February 13, 2004

Study approves limited bowhead whale hunt

Review says current harvest won't jeopardize animals

JANE GEORGE

Nunavut hunters can continue their subsistence hunt of bowhead whales, according to a study released this week by DFO. (FILE PHOTO)

The limited hunt of bowhead whales can continue, says the new bowhead conservation strategy.

The strategy, written in collaboration with the Nunavut Wildlife Management Board and the World Wildlife Fund, was officially released this week by the federal department of Fisheries and Oceans.

A hunt of one whale every two years from the Hudson Bay-Foxe Basin population and one whale every 13 years from the Baffin Bay-Davis Strait population will not jeopardize the bowheads, says the strategy, which is called for in the federal Species at Risk Act.

The numbers and location of the future bowhead hunts are no change from what Nunavut has been doing since the first bowhead hunt in 1996 and are in accordance with the land claims agreement that gives Nunavut the right to hunt one bowhead every two years if the bowhead population can support it.

"Bowhead whales have been a key element of Inuit culture for centuries. The completion of this bowhead conservation strategy, in conjunction with the Inuit Bowhead Knowledge Study and ongoing research on bowhead whales in Nunavut waters, will help ensure that Inuit can continue their sustainable use of bowhead whales for generations to come," said Ben Kovic, chairperson of the NWMB in a news release on the new strategy.

The Bowhead Conservation Strategy looks at the Hudson Bay-Foxe Basin and Baffin Bay-Davis Strait bowheads as separate populations based on summer distribution patterns and how they were affected by whaling.

The population in Hudson Bay-Foxe Basin was around 600 whales prior to heavy whaling from 1860 to 1915. Based on recent aerial surveys, the population now has at least 345 bowheads.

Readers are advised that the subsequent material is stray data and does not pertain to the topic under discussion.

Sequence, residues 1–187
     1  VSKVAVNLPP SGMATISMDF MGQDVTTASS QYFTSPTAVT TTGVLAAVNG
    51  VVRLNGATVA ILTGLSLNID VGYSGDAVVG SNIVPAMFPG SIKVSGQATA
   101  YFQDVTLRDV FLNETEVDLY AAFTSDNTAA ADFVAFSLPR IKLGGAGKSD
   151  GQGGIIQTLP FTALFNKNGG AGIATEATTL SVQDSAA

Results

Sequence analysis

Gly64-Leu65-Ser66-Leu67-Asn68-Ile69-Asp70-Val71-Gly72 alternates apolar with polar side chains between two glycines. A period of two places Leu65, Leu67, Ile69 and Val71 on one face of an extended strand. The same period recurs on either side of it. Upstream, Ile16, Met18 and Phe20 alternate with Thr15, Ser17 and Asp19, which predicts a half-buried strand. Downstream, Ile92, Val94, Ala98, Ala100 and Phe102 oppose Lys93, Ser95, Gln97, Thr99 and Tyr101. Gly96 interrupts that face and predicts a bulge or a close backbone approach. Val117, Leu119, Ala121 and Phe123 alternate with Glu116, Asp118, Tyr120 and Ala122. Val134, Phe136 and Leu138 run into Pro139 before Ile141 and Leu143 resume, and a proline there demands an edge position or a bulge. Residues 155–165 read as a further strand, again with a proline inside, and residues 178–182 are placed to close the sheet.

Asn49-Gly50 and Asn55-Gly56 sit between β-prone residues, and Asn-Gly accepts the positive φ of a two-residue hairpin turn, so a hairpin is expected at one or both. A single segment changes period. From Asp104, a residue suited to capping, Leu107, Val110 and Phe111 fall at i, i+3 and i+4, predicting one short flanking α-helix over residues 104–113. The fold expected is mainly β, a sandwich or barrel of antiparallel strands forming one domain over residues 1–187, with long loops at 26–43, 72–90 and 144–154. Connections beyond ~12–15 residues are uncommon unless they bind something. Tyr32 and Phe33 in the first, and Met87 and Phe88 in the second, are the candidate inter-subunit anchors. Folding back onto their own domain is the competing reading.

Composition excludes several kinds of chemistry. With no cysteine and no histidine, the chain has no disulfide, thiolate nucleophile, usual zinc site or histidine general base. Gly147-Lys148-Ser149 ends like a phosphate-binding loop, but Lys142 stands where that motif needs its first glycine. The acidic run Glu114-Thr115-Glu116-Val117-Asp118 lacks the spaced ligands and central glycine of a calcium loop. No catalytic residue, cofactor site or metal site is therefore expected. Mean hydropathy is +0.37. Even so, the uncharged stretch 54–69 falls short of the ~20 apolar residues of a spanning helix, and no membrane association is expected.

The Baffin Bay-Davis Strait stock likely numbered around 12,000 in 1825. Now, it's thought to have between 350 to 375 bowheads.

The bowhead conservation strategy is intended to include both scientific and Inuit traditional knowledge and encourage the participation of Inuit communities.

What's new in this strategy are five short-term recovery objectives:

A number of actions are also identified in the new strategy, such as surveying the range of bowhead whales to identify important habitats, determining current population levels, and developing and carrying out plans to monitor the effects of threats.

A three-year habitat stewardship program, involving research and stewardship training and activities for Igaliqtuuq, the bowhead sanctuary near Clyde River, was just completed. The third and final year of population surveys will be conducted in 2004.

Unlike other strategies, this one covers a long-term, 100-year time frame. That's because bowheads are thought to live to at least 200 years. Stock recovery is expected to be slow because bowheads' reproductive rate is low compared with other mammals.

New information on the population size could lead to changes in the strategy before the 100 years is up, and a negative reaction from conservation-minded groups such as the International Whaling Commission could stir up controversy over even a limited hunt.

In 2002, the IWC, the management group that determines worldwide quotas for large whales, refused to renew quotas for the traditional whale hunt in Alaska and Chukotka, although the group relented under pressure.

Canada left the IWC in 1981, shortly before the IWC imposed a ban on commercial whaling. Because Canada is not a member of the IWC, the group's decisions don't officially affect the future of the Nunavut bowhead hunt. But the IWC is increasingly negative about any whale hunting at all.

Nunavut started its bowhead hunt in 1996 with a whale taken near Repulse Bay. In 1998, a bowhead was killed near Pangnirtung in Cumberland Sound, and Coral Harbour celebrated the millennium year with a successful whale hunt in the Hudson Bay-Foxe Basin area. In 2002, the hunt took place in Igloolik-Hall Beach.

In 1980, the Committee on the Status of Endangered Wildlife in Canada designated Nunavut's bowheads as "endangered" although Inuit knowledge supported by scientific research has since said the number of whales in the region has been increasing in recent years.

In 2000, a five-year, $500,000 study that relied on traditional Inuit knowledge and anecdotal evidence concluded that Nunavut's bowhead whale population has become more numerous and should not be considered endangered.

This Inuit Bowhead Knowledge Study said the whales should be moved off Environment Canada's endangered species list and onto the "species at risk" list.

The report estimated 1,000 bowhead whales in Nunavut waters.

 


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